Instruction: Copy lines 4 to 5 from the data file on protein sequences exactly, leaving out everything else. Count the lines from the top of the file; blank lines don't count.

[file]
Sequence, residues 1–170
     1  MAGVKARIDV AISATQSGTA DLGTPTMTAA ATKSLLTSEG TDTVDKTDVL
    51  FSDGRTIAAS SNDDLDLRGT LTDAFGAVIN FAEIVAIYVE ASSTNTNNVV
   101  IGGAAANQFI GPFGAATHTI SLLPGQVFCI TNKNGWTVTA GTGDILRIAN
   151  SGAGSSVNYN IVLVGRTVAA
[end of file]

   101  IGGAAANQFI GPFGAATHTI SLLPGQVFCI TNKNGWTVTA GTGDILRIAN
   151  SGAGSSVNYN IVLVGRTVAA